Rishi Sunak must “stand firm” against calls from Scotland’s First Minister to scrap the increased tax hike on whisky, a health expert has warned.
The alcohol duty freeze will end on August 1, leading to an inflationary tax increase of 10.1% on the Scotch industry.
Humza Yousaf raised concerns over the increase during his first face-to-face meeting with the Prime Minister in April.
But in a letter to Mr Sunak, Alastair MacGilchrist, chair of the Scottish Health Action on Alcohol Problems (SHAAP), dismissed claims the industry is being treated unfairly – instead suggesting the tax rise could be a “starting point”.
The Scotch Whisky Association previously described the rise in duty as a “historic blow” to the industry.
But Dr MacGilchrist said in his letter: “The claims by the alcohol industry that they are being treated unfairly by the duty changes do not stand up to scrutiny.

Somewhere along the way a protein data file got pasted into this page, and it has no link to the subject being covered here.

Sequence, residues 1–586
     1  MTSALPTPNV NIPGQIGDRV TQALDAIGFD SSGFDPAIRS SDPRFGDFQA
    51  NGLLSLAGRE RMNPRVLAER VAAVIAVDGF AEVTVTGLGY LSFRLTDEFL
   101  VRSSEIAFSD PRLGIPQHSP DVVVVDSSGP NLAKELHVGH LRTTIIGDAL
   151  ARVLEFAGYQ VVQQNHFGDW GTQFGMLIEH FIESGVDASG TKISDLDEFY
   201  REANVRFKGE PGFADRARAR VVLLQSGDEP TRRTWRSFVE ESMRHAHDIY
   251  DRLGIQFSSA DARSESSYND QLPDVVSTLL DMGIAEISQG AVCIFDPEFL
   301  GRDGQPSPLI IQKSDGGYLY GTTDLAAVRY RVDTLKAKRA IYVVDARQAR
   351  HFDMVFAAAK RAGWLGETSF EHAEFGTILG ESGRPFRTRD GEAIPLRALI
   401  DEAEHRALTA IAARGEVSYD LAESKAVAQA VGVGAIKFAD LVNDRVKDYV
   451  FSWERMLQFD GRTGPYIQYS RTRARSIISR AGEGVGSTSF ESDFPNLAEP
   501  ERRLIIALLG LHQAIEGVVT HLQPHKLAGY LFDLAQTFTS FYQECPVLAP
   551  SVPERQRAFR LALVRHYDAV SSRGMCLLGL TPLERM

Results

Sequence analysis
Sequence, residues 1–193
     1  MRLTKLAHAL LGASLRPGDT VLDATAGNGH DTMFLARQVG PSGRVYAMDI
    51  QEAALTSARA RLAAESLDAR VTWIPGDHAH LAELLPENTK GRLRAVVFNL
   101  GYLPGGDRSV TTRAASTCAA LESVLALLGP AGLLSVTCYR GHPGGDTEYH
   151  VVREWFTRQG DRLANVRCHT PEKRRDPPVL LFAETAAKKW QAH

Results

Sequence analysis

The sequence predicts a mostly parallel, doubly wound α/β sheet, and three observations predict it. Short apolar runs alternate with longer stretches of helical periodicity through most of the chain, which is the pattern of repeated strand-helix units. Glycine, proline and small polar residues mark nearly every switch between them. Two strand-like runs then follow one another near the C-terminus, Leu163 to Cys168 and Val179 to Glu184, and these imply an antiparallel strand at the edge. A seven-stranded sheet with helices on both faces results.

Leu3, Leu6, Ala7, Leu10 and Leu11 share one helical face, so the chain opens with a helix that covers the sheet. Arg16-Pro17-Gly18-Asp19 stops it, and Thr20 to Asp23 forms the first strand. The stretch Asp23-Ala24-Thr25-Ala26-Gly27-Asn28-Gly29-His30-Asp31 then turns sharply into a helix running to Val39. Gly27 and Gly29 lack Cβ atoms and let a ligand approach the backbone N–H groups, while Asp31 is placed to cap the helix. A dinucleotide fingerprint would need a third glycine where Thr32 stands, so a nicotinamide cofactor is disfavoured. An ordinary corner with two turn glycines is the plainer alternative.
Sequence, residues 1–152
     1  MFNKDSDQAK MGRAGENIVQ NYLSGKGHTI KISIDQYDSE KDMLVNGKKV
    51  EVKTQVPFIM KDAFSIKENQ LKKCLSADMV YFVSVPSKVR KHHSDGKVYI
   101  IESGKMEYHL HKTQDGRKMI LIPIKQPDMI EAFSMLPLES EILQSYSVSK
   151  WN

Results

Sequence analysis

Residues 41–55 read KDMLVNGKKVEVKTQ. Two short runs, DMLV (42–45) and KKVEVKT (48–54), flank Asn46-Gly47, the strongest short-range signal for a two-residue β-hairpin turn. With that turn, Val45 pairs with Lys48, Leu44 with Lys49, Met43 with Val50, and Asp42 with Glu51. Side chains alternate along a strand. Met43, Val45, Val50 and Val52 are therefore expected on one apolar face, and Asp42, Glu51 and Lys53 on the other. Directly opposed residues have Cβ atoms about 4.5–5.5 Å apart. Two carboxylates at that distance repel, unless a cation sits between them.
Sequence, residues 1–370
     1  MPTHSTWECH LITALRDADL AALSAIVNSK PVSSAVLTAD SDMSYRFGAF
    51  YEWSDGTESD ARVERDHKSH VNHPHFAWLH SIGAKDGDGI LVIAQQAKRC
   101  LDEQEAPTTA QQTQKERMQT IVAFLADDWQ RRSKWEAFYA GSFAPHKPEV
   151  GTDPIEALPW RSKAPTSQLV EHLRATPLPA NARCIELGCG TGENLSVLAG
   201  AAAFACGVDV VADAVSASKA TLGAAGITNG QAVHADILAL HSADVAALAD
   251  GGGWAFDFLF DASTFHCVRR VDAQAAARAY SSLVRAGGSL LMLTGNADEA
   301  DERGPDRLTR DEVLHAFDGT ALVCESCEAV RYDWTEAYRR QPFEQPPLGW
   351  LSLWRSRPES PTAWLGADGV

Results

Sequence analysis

“I would urge you to use the new duty system and increased rates from August as a starting point from which to aim towards a progressive model where duty is used to both improve public health and to cover the costs of alcohol harms to the economy and public purse.
“Following your recent meeting with Scotland’s new First Minister Humza Yousaf, I am writing to encourage you to stand firm in your Government’s plans to increase alcohol duty in line with inflation in August.”
Following the letter, Dr MacGilchrist said it is estimated that the duty freeze had caused an additional 250 alcohol-related deaths in Scotland.
He also said Mr Yousaf’s stance is “inconsistent” with the Scottish Government’s aim of using minimum unit pricing to reduce alcohol harms.
“Increasing duty and setting a floor price for alcohol should go hand-in-hand,” he added.
Mr Sunak has previously rebuffed the calls to rethink the duty charge, telling the BBC: “If you look at what we’ve done, I think in nine of the last 10 budgets whisky duties have been frozen.
“That means that whisky duties today are the lowest they have been in something like 100 years.
“Whisky duty is at the lowest level it has been at in real terms in about 100 years, as well as the fact we have been able to open up export markets around the world for fantastic Scotch whisky.”